Depressing movies

The worst-performing new film of the weekend in America was Stop Loss. It’s an anti-military, anti-US, anti-Iraq war film that got huge promotion and advertising money, wonderful reviews from the critics, and a response from movie fans that put it in the tradition of the other great anti-Iraq war films of 2007 and 2008: In the Valley of Elah, Lambs for Lions, Rendition, Redacted

At Deadline Hollywood, a morose, misguided explanation:

“It’s not looking good,” a studio source told me before the weekend. “No one wants to see Iraq war movies. No matter what we put out there in terms of great cast or trailers, people were completely turned off. It’s a function of the marketplace not being ready to address this conflict in a dramatic way because the war itself is something that’s unresolved yet. It’s a shame because it’s a good movie that’s just ahead of its time.”

Is that really the reason? Are people really put off by the Iraq war? These films have stars (Tom Cruise, Reese Witherspoon). They have directors (Brian de Palma, Robert Redford). And every one of them, no expections every single one of them has a political viewpoint that the war, the soldiers, the policy and America are evil. Every anti-Iraq war film oozes the evil that is America, with no redeeming values.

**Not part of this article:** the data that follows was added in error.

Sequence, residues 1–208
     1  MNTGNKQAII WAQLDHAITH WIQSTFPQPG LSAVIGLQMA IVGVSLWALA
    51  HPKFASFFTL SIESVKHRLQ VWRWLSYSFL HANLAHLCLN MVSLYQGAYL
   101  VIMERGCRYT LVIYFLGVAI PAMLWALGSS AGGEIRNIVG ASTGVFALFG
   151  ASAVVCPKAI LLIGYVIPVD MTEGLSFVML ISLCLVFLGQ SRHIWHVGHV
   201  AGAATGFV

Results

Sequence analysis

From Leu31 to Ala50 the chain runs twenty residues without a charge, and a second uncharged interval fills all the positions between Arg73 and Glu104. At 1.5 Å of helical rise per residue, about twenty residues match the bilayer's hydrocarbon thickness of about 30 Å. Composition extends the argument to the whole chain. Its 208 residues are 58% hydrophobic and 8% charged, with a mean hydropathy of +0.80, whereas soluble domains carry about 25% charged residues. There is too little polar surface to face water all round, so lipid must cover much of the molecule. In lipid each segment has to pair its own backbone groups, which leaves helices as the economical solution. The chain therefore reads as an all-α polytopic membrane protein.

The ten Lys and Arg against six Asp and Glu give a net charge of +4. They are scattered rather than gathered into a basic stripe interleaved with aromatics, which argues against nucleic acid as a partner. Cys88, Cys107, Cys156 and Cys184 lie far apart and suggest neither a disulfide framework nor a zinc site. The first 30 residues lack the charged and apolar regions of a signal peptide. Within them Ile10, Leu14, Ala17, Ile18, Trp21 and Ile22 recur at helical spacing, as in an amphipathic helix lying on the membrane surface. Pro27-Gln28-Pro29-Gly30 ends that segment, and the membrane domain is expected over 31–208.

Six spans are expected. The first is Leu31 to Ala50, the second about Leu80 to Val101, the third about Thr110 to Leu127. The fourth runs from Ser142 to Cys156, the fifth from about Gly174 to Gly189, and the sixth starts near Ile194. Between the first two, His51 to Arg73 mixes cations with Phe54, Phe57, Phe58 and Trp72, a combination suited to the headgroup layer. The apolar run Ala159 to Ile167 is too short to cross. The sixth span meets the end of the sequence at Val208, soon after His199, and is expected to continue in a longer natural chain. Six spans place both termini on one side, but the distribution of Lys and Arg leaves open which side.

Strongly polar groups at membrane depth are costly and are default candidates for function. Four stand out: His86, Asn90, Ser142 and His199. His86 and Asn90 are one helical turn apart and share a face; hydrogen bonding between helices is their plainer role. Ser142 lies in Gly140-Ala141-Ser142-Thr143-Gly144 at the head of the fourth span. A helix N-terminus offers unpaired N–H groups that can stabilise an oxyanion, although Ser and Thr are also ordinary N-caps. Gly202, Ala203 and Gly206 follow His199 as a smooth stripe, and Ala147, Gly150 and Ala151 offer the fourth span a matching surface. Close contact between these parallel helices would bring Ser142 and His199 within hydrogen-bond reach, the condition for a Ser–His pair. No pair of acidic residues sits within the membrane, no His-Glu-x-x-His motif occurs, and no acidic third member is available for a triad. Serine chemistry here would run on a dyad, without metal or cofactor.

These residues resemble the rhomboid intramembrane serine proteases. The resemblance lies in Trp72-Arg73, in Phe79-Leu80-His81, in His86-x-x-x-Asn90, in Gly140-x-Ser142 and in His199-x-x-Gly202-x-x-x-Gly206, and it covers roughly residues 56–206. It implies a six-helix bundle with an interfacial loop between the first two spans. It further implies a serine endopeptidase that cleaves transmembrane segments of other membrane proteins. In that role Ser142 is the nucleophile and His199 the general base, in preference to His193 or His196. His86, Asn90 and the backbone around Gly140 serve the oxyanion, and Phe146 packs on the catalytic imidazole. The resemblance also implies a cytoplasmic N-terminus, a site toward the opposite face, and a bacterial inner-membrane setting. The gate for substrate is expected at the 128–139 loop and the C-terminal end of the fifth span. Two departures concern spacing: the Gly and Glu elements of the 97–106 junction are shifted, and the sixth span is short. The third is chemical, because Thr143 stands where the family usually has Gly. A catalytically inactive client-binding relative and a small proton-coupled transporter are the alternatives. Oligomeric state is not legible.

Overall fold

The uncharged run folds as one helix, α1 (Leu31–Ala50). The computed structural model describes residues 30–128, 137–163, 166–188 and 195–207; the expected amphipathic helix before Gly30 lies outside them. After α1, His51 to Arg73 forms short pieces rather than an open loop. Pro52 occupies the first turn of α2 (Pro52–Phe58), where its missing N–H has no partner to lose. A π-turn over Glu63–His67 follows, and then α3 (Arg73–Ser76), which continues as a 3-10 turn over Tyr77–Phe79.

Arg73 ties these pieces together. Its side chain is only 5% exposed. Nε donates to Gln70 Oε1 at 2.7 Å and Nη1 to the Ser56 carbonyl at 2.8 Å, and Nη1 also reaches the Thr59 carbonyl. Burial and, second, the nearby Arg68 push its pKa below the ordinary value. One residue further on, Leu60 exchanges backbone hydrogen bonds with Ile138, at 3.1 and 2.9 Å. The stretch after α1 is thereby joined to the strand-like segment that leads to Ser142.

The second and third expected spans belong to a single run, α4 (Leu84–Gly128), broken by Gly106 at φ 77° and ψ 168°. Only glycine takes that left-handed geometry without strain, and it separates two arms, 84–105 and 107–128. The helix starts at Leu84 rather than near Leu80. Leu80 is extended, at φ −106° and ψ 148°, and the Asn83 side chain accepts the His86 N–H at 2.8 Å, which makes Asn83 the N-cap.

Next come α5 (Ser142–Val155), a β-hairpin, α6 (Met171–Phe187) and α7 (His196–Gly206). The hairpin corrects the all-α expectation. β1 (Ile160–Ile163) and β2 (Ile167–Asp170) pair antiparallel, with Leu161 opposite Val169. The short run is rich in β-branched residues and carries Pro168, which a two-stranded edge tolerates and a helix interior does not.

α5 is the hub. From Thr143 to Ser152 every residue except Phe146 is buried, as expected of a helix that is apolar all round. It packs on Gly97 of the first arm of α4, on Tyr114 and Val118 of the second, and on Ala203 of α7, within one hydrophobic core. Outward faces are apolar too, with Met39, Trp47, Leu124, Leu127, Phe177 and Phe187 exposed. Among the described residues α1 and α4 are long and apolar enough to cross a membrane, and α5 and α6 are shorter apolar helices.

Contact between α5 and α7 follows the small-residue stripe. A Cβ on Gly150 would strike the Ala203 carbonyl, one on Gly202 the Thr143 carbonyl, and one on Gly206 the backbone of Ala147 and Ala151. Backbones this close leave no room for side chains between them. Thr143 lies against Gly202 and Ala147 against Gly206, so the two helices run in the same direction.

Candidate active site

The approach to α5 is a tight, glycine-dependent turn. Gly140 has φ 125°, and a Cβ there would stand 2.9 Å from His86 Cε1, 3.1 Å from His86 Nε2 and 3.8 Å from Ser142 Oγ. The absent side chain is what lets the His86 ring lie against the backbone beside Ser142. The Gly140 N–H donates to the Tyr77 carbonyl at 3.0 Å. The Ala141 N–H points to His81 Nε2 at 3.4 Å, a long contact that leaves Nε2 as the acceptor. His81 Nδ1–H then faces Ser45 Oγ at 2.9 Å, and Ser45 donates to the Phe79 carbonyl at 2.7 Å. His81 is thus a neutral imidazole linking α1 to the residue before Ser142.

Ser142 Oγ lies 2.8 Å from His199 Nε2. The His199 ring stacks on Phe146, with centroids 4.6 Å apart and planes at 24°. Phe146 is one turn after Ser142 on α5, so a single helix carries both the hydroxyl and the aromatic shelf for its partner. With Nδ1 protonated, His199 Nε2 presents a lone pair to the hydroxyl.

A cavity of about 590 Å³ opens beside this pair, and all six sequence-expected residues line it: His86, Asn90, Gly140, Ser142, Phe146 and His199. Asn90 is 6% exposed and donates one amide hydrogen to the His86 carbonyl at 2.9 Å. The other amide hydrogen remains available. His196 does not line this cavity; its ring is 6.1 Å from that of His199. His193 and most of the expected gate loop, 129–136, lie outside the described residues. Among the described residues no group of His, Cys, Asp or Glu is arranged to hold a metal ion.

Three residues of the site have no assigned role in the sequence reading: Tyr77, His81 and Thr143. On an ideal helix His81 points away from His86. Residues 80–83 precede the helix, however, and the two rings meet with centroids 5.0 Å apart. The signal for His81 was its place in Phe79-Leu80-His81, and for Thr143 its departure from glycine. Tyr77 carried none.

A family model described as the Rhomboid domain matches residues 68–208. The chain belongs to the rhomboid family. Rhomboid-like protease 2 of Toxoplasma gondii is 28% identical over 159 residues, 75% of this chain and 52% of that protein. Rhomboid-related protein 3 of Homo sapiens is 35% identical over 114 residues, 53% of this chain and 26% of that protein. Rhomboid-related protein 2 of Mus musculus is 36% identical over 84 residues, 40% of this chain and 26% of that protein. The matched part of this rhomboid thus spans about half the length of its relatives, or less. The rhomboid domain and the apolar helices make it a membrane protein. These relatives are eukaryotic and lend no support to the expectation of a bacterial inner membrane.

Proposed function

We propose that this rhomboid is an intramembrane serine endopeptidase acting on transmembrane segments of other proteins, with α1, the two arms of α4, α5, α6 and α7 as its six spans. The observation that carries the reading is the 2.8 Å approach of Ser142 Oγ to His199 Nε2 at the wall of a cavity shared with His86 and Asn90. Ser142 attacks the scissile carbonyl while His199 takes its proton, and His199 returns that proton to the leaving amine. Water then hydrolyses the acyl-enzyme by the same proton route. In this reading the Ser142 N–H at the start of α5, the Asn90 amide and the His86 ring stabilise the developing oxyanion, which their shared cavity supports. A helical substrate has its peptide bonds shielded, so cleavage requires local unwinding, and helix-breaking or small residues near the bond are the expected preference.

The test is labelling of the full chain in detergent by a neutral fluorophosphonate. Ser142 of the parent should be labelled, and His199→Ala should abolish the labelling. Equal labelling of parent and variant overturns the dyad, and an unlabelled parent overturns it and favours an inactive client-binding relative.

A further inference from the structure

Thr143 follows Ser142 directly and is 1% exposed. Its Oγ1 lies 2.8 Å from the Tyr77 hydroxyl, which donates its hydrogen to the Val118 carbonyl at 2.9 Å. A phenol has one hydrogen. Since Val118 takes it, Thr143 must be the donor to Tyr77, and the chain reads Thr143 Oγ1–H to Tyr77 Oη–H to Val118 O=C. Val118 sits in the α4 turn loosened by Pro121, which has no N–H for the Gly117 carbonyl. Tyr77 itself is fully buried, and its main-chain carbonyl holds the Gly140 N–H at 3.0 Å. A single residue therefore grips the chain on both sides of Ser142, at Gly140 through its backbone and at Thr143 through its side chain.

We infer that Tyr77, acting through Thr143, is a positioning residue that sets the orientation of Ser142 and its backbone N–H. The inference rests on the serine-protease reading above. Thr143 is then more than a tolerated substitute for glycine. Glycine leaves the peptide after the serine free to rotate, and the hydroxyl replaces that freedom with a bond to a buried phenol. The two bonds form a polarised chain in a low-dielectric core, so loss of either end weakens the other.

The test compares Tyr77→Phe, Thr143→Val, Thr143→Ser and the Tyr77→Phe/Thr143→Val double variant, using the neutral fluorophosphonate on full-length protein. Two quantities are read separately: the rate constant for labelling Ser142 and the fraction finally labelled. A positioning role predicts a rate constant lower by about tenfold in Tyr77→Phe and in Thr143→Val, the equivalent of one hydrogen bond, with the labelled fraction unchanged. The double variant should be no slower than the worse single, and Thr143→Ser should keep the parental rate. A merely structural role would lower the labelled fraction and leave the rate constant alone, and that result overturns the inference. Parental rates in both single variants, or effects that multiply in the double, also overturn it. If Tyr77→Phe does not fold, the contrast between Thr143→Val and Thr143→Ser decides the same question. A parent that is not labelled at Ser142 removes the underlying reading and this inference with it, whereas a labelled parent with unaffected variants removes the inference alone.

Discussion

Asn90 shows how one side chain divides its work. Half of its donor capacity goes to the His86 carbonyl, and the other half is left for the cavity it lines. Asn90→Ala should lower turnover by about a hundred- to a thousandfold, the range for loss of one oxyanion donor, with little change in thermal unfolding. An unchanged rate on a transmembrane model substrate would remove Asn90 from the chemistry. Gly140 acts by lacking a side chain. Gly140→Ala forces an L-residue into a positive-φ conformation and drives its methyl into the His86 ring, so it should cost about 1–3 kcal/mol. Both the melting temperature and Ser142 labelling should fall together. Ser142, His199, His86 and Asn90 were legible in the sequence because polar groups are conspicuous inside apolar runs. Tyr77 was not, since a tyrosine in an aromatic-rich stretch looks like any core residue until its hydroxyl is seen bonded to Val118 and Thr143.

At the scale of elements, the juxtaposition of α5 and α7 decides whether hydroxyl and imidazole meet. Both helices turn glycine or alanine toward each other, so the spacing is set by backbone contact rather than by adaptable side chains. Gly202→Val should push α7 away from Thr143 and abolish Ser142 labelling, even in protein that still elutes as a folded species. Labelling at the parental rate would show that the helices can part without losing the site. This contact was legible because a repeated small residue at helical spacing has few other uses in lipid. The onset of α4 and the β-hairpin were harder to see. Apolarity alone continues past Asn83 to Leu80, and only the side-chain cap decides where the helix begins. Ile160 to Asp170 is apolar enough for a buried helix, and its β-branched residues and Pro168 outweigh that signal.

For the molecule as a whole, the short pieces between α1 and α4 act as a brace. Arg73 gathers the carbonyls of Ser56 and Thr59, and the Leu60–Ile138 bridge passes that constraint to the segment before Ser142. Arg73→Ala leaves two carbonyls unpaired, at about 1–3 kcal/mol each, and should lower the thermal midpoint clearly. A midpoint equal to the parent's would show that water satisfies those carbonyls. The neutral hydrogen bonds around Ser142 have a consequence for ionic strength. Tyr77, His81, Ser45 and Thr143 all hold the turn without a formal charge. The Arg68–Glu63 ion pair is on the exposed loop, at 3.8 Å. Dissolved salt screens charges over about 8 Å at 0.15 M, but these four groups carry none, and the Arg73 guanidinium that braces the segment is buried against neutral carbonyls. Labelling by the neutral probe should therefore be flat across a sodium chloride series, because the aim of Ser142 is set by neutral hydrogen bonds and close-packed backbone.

But it’s worse. “America shuns Hollywood’s take on Iraq”, screams the Guardian newspaper of Britain. Britain… sounds familiar. Oh, wait, right, that’s the country where anti-Iraq films are reviewed by newspapers like the Guardian, and shunned by the movie-going public, right?

It’s not like Hollywood is getting rich feeding its own cannabilistic anti-American fantasies to Japan, France, Britain and Thailand after all. The movies have tanked around the world. Hollywood can’t find anyone, anywhere who likes its anti-Iraq war films.

Now. The Number 1 new movie of the weekend at the American box office was 21. It got mostly terrible reviews, but it turns out that the critics were as wrong as they usually are. Same source, this time quoting a marketing person:

“It is wish fulfilment in the truest sense of the phrase, this notion of a real person being able to beat the system, get the girl and live the life. The pic tapped into that really nicely.”

So around a dozen major and semi-major films with a message of gloom, doom, anti-Americanism fail. And a predicted failure of a movie with a message of hope, opportunity, achievement and love succeeds.

The sad lesson is not that the US movie industry fails to pour money and star power into Iraq-war movies. The lesson is that to get the money to make a movie on the Iraq war, you have to be a certain type of star, with a certain world view. You want proof? How much do you want to bet that Hollywood will back an Iraq war movie by Bruce Willis?

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